This article by Peter Kane first appeared in Professional Marketing Magazine – Summer 2010.

February 2008 and the media is chattering about the probability of recession and years of turbulence.  I decided to ignore the sage advice and abandon the comfort and security of employment – only to find that reports of the economy’s death were far from exaggerated!

But – at the first gathering of another group of wise heads, the Director Insight Panel – to share their experiences directing marketing and business development across professional firms, one of the central themes to emerge was that this period of economic stagnation has heralded a new found acknowledgement of the need for high quality, targeted and focused BD activity within the firms.

Not just that, it has brought an objectivity, professionalism and desire for transparency that in many firms was previously hidden by Partners happy to operate on personal whim and indulge hobbies and pet projects. The paltry results were hidden by a surging economy and a wilful disregard for returns.  This has, it seems, changed. 

The upsides of the downturn

Opinion was divided among the group about the stage and rate of recovery.   Nigel Pyke being very optimistic and seeing “significant improvement on where the market was a year ago”, Nick Richards more measured, believing that while we will hopefully avoid a double-dip recession, we are likely to experience a more bath-shaped curve and that we are currently bumping along the bottom of that bath.  This all sounds a bit painful – and it may well be for the companies just clinging to liquidity and for nervous equity partners – but it is good news for some.

What united the group was the belief that the recession has sharpened the focus on business development within firms.  Partners who previously had little or no appetite for new business activity are now queuing up to request time and advice from the relationship teams.  Also evident is a shift from pure “marketing communications” to “business development” and – you may want to sit down for this – some firms are even openly using the word sales!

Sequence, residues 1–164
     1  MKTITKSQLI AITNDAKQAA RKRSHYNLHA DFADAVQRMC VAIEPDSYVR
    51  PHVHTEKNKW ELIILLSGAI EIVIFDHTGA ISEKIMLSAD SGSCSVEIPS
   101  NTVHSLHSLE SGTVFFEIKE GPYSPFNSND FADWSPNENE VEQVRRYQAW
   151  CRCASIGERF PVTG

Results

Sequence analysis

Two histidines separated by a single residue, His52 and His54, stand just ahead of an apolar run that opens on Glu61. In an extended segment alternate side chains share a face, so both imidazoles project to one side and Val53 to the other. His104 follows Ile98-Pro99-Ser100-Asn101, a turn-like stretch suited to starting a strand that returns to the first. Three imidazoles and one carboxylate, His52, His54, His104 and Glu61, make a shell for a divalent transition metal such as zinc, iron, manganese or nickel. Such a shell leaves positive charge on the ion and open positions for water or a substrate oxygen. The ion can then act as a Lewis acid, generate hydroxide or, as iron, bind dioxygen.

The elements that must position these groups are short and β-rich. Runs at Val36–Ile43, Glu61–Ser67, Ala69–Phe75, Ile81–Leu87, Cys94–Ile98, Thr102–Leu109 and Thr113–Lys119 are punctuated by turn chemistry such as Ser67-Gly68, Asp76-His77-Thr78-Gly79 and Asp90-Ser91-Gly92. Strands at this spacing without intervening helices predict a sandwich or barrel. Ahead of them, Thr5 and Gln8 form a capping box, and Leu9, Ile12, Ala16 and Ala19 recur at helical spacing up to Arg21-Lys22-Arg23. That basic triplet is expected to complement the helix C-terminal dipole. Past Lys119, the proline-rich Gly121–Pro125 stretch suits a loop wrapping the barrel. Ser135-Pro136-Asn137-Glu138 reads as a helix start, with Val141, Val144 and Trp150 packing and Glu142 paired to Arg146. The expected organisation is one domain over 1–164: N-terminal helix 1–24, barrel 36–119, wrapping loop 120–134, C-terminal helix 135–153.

The budget is budging

There was some talk of tighter budgets and the way money is carved up is also changing. Nick Richard’s focus of two-thirds of budget on business development and CRM with the remainder supporting a good media and communications programme seemed about right to the others.  As Lee Grunnell from Beachcroft notes, activity must be absolutely focused on “winning work” – and needs to directly support client, sector and Practice Group business plans.  The need to demonstrate better return on investment has helped this push for better alignment.  

Exceptions where there is more of a brand focus were cited for one firm that had recently engaged in a merger and another which was seeking to bring its European clout closer to the brand primacy the firm enjoyed in the US.  However, even allowing for these discrete objectives, there seemed an undeniable swing towards investment in relationships, thought leadership and key accounts and away from brochures and canapés.

Nigel Pyke spoke of an initiative to pull budget from various separate service lines to focus in  a central pot, but Amy Kingdon – while seeing the merit in this – has found that devolving some budgetary control has actually encouraged a clearer sense of ownership and more grown-up thinking about marketing spend.  Instead of people simply pushing for more, more, more they are now being selective about how their cash is being spent.

Death to the hobbyists

Unfocused hospitality and sponsorship seem to be the real victims of this budget re-alignment – and while Partners’ Pet Pony Clubs may be crying into their raffle boxes this year, I doubt many in the professional marketing community will shed a tear.  As David Rough noted however, it takes strong leadership to get rid of the hobbyist projects and it is not a battle that all firms have the stomach for.

Accountability and transparency seem to be the order of the day and that bodes well for anyone wanting to gain firm commitment to strengthen Key Account Plans, invest in service reviews or strengthen their bid process. 

There is however a fear as the economy improves.  Are professional firms like a frightened plane passenger who finds faith in the grip of turbulence only to drop it once the plane lands?  Will the new habits be forgotten as utilisation rates rise?  The group agree that while this is a real threat, odds are against it and now that firms have been forced to evolve, the bad old days of complacency, whimsical plans and lax spending will not return.

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